Ethiopia: Overcoming Hurdles to Mount Effective Election Campaign

opinion

After repeated extensions due to several factors, the registration of candidates for the sixth general elections slated to be held in June this year officially came to conclusion early this week. According to the National Electoral Board of Ethiopia (NEBE), 47 political parties fielded candidates for the upcoming polls.

Out of the 8,209 candidates registered in 673 constituencies during the 22-day registration period, 125 are running unaffiliated with any political party. The Board attributed the extension to, among others, delays in opening registration facilities in some regional states, transportation problem and complaints by numerous political parties stating the time allotted for registration was inadequate.

Virtually all of the over 50 legally certified parties operating in Ethiopia blamed the federal and regional governments, the ruling Prosperity Party (PP) as well as NEBE for what they allege to be irregularities that marred the registration process. While there may some truth to the grievances the parties are expressing, only a handful of them make the necessary preparations throughout the five-year election cycle.

The majority of parties come to life when elections come around, waking out of their torpor when the electoral board announces the election schedule. Even then the effort they make to increase their visibility is timid. If the public were asked to name them it would be hard pressed to mention a few.

The biggest problem currently besetting the political scene in Ethiopia is the unhealthy relationship existing between political parties. The lack of desire to tolerate differences and work on shared agendas on the part of both the part of the ruling and opposition parties, the hatred and disrespect displayed during election campaigning, the polarized positions espoused on critical national issues, using intermediaries to engage in a dialogue instead of trying to meet halfway the other side, etc. beget an atmosphere of apathy during polls, constricting further the political space. Consequently, Ethiopian politics is perennially marked by smearing of opponents as well as cries of foul and rebuttals.

The situation within the opposition camp is also a cause for dismay. Parties which, prior to elections, claim to subscribe to different ideologies actually champion essentially similar positions and election manifestos during campaigning, compelling the electorate to conclude that they are one and the same. The fact that each opposition party fields candidates on its own despite these similarities is one of the factors which detrimentally affect the votes they garner.

The feebleness of opposition parties has even been attested by international news agencies, which have always described them as being "fractured and weak". If like-minded parties had been able to accommodate their differences, adopt a common platform on the issues on which they see eye to eye, and agree not to run against each other in any constituency, they would not have appeared to be disjointed. However, as they do not give serious thought to electioneering for large periods of the election cycle, they are still functioning in the "business-as-usual" mode.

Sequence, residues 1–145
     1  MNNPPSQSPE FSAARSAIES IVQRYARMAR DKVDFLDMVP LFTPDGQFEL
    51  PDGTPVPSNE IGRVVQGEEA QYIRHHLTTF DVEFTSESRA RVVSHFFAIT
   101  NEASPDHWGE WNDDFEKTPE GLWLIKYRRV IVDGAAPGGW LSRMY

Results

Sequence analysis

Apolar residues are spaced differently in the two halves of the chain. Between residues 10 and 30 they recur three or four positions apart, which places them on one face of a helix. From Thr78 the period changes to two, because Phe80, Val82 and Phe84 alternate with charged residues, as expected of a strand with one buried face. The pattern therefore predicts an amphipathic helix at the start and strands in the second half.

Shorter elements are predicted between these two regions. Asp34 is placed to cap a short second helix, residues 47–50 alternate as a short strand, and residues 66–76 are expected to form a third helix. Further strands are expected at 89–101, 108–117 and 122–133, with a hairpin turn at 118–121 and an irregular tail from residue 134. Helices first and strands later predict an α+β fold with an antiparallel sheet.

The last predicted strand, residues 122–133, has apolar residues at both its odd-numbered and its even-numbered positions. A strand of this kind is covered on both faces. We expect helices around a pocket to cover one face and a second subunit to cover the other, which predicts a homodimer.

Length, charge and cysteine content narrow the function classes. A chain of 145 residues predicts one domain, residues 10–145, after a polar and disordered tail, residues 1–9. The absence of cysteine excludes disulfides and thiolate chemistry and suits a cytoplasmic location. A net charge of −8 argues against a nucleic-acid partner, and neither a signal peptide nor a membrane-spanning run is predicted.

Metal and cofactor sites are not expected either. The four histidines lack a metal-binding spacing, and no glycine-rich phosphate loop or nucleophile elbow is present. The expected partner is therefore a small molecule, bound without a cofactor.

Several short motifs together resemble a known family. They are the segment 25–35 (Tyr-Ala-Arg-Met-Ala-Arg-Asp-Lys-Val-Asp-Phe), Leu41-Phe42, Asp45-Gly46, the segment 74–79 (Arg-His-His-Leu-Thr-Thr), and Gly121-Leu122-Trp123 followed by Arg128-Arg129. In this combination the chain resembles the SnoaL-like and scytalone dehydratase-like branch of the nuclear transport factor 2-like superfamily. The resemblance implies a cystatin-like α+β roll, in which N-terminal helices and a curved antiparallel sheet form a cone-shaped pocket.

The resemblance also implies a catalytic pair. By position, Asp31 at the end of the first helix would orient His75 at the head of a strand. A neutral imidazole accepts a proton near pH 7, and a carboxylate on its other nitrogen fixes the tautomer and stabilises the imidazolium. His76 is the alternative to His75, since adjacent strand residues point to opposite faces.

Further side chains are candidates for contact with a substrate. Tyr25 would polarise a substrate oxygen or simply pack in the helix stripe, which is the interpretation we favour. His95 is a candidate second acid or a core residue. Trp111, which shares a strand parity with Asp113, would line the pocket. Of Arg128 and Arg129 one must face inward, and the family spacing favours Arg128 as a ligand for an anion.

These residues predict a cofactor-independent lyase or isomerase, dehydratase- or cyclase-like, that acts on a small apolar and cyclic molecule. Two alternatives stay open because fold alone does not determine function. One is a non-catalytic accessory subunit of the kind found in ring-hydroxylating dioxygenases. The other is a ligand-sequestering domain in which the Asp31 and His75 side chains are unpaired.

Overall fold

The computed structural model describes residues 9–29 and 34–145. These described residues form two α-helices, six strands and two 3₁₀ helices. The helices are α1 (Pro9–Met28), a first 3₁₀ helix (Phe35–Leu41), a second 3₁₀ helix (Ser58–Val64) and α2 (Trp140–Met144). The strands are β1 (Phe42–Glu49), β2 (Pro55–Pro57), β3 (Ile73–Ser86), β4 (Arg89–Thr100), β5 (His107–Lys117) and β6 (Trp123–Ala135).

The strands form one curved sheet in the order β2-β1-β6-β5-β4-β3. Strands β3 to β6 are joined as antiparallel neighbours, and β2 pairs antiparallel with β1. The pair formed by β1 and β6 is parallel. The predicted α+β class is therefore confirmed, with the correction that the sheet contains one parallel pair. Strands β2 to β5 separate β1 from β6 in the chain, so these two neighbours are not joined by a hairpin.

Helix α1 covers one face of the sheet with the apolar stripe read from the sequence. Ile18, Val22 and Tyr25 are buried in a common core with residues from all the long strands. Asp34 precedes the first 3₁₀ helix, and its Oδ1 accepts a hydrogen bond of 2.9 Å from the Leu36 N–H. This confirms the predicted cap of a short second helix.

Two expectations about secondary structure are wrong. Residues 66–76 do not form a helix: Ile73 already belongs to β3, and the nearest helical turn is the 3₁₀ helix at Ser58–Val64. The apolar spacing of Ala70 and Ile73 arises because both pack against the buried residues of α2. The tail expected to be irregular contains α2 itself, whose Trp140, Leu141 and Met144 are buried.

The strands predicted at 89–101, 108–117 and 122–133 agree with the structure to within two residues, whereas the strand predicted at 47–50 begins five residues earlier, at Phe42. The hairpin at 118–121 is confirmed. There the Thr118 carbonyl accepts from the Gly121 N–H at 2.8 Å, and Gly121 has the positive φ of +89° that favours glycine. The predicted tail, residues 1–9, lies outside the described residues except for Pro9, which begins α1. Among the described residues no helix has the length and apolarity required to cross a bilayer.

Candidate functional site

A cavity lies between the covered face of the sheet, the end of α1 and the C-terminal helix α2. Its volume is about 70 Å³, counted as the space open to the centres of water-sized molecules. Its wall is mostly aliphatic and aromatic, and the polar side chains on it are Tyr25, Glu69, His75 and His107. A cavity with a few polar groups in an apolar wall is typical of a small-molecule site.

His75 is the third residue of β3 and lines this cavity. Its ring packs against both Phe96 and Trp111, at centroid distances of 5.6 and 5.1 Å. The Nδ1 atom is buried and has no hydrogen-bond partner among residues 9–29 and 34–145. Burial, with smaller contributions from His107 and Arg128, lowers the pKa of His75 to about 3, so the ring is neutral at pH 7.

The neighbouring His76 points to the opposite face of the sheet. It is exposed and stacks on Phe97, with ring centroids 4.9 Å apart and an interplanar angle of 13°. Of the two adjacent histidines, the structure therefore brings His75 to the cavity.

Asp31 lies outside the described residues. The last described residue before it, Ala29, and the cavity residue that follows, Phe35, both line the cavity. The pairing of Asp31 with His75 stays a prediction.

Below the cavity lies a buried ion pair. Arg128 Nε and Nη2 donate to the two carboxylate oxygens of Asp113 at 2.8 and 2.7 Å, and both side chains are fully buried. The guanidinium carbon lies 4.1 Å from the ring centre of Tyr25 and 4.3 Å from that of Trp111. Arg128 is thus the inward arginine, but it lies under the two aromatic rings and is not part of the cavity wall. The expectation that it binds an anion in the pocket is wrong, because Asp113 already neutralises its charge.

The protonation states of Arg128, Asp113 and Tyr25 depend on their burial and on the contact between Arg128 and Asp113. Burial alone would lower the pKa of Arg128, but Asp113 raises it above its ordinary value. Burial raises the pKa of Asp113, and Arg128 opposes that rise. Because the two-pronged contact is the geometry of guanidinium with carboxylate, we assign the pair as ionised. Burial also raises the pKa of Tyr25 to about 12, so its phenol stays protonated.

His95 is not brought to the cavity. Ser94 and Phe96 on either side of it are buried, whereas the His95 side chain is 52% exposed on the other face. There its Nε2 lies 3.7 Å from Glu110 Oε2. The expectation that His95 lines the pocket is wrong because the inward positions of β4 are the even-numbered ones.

The practice of forming alliances or coalitions just as polls are on the horizon is not of much use to fostering democracy. True, opposition parties have always operated in an environment where they have routinely been subjected to all manners of intimidation. It's in the backdrop of such a restrictive political space that they have contested elections. Indeed, the sacrifice they paid in the midst of all this adversity is praiseworthy. All the same the question is whether they have corrected the mistakes they made in previous elections and developed the capacity to run a better campaign this time round. This is a question they can answer best.

The political parties ranged across Ethiopia's political landscape are not evenly matched. The ruling Prosperity Party is a behemoth which has with deep pockets, millions of members and supporters as well as the ability to use the state machinery to forge an ideological hegemony. On the other hand, even opposition parties that are deemed to be relatively strong by Ethiopian standards are beset with a raft of shortcomings including, among others, weak organizational capacity, inadequate membership base and financial resource, failure to engage in full-time politics and the inability to withstand the challenges they face. It is precisely this sad state of affairs that Ethiopians should be gravely concerned about.

The constitutionally guaranteed right of citizens to determine their own fate makes it imperative on all stakeholders in the electoral process to do their absolute best to render the elections a platform which takes Ethiopia to the next level. All political parties competing in the June elections have to enable the public to choose freely the representatives it believes best serve its interest and thereby deepen the democratization process underway. As such, it is incumbent upon each and every one of them to appreciate that running in an election is not something they decide to do with little thought and preparation; they must not wait for the official launch of election campaigning to earn votes. This is an objective they have to toil for each and every day without waiting for elections to come around every five year. Accordingly, they should embark on the task of doing an effective job of publicizing their political program and policy alternatives in order to broaden their support base. Otherwise, they are bound to fail in their quest to come to power and will be unable to play a meaningful role in consolidating the country's budding democracy.

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